The SmartFilter system blocks access to more than 200,000 URLs - the addresses for Web sites - which it divides into 27 content categories ranging from art and culture, humor, sports and travel to criminal skills, hate speech and sex.  The database is updated weekly.


   The Indianapolis library invokes only two of the categories - sex and chat.  Chat sites are blocked simply because the library doesn't have the computer resources to support them, said Gibson.


   Although the filtering system used here is different, there are similarities to the Virginia case.  For example, the Indianapolis library places the filter on all computers, rather than using less-restrictive means such as installing privacy screens, letting adults turn off the filter, or setting aside terminals for minors.


   The judge ruling on the Virginia system objected to a policy that effectively limited everyone to materials deemed acceptable for juveniles.


   Gibson maintains that's not the effect of the filter in Indianapolis.  Just as there are books and other materials in the library meant only for grownups, "there are things we're unblocking that I wouldn't want my child to be looking at. "


   And unblocking they are.  Not only do the librarians respond to patrons' complaints, but they've learned to keep an eye on certain sites.  For example, they regularly have to reopen access to the entire Geocities domain - an Internet community of individual home pages - after the database is updated.


   Inevitably, Internet filtering systems targeting pornography will mess up.  New pornographic sites will slip through until the filter is revised.  Meanwhile, sites with no porn will be blocked.


   The Thomas Szasz site is a good example.


   Contradictory policy


At least three such sites were at issue in the Virginia case, including a page that lists books that might be of interest to young people who are gay or lesbian.  The page contains nothing close to pornography.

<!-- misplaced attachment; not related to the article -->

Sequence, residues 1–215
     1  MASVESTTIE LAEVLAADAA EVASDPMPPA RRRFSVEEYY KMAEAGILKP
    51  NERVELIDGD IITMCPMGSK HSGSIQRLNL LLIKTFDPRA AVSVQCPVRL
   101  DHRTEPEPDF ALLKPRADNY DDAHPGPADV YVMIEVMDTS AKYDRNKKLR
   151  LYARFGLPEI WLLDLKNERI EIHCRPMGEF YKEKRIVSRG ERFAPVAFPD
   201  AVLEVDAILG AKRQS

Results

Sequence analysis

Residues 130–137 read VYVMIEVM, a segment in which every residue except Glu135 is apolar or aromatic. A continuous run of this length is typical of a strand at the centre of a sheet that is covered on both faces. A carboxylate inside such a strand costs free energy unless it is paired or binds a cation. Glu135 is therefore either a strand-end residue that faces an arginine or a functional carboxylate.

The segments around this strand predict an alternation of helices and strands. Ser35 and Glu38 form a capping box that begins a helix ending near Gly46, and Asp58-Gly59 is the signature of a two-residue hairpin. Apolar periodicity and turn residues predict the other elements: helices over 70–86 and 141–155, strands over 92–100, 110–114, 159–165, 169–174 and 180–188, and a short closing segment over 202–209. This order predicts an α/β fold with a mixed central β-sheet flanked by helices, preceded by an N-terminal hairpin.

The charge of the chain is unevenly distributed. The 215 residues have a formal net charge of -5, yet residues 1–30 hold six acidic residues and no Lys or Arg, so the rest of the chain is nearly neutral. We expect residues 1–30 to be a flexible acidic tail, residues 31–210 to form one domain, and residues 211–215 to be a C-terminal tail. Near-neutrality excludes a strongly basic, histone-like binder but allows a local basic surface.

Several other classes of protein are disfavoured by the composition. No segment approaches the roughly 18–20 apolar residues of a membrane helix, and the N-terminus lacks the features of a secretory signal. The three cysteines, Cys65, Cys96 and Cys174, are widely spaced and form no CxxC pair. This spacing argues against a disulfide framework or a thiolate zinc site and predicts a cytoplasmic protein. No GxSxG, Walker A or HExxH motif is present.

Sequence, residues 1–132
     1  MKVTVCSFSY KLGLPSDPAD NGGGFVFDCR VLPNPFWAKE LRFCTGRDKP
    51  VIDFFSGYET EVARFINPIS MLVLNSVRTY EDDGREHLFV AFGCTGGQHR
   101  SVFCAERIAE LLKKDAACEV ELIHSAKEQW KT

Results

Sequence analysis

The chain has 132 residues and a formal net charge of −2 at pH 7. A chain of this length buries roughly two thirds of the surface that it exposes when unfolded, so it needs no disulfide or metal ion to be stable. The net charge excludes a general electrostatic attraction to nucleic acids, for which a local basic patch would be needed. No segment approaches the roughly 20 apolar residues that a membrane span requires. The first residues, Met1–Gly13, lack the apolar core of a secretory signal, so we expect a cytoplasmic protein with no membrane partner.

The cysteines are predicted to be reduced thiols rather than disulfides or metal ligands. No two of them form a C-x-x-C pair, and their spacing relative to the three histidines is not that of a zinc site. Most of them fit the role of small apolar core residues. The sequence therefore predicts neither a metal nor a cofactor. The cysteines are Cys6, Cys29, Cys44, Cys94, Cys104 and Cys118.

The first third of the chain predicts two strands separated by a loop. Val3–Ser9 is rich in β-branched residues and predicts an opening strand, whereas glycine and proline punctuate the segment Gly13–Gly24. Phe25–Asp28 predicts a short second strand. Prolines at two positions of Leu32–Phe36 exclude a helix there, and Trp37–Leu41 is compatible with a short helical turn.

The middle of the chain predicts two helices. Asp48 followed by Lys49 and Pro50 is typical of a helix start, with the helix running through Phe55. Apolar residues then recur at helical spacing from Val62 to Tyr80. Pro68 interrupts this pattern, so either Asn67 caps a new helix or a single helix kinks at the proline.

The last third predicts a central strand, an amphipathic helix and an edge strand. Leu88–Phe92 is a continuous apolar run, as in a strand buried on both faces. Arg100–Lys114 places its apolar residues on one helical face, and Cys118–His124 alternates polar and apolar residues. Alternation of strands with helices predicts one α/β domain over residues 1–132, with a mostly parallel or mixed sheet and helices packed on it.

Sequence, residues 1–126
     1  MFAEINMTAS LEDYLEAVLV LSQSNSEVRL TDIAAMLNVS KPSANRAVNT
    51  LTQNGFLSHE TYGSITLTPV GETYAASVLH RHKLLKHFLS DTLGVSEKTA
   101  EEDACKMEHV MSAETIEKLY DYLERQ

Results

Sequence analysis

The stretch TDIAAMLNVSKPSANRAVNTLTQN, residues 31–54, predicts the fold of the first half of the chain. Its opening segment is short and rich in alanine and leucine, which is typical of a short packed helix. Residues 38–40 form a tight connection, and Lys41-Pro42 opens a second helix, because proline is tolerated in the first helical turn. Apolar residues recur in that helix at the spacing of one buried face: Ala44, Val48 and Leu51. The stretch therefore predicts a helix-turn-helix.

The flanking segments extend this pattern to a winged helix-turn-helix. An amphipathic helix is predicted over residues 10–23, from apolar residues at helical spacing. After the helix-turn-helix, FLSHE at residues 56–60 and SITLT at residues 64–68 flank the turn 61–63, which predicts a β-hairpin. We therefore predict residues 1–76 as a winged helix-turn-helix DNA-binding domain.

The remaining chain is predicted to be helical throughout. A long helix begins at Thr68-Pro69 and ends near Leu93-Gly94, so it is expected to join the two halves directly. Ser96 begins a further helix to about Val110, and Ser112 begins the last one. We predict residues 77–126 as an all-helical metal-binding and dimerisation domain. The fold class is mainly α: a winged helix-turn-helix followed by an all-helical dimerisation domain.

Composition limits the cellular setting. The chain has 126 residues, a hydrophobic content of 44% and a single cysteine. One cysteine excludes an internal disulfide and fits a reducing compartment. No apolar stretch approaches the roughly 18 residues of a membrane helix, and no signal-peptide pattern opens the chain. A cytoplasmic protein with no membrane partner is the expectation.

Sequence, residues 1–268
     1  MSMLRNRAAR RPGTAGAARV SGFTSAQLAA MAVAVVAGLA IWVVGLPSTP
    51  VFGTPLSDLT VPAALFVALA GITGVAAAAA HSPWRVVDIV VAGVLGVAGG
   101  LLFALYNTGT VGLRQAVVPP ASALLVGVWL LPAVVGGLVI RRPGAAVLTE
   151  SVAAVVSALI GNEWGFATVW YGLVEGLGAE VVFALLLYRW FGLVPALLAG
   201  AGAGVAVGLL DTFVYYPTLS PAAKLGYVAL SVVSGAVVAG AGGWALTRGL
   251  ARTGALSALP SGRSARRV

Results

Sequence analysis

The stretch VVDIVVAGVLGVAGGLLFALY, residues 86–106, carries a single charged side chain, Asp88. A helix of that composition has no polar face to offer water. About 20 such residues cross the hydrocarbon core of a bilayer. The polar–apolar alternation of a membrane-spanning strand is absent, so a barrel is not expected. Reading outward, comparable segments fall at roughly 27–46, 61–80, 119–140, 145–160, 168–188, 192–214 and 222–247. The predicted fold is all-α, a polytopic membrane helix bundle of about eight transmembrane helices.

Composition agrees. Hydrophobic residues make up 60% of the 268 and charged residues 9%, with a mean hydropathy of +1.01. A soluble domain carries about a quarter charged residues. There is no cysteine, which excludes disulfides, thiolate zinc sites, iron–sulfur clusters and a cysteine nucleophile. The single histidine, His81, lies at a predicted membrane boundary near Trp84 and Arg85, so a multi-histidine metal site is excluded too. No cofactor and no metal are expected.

That book page is also blocked from Indianapolis library patrons - even though many of the books it lists can be found on the shelves of the Indianapolis library.


   When the filter blocks information that could - and is - found on the library's shelves, "that's the kind of thing that drives me insane," Gibson said. (She said library staff would look into the book and safe sex pages for possible unblocking.)


   Although the American Civil Liberties Union has been outspoken in its opposition to library filtering and Internet censorship generally, nobody has complained to the Indiana chapter about the Indianapolis library system, said Chris Gibson, legislative director for the Indiana Civil Liberties Union.


   "We're sympathetic to the hard position this puts libraries in," he said.


   "Obviously, none of us wants young children viewing materials that their parents do not want them to see.  But if a library is going to offer Internet access, the ICLU position is that they shouldn't be filtering it to adults. "


GRAPHIC: COLOR PHOTO; ADULT FILTRATION SYSTEM Phillip Brooks (left) and Mike Chevigny are regular users of the Internet at the main branch Downtown of the Indianapolis-Marion County Public Library.; SUSAN PLAGEMAN


Copyright 1998 The Indianapolis Newspapers, Inc.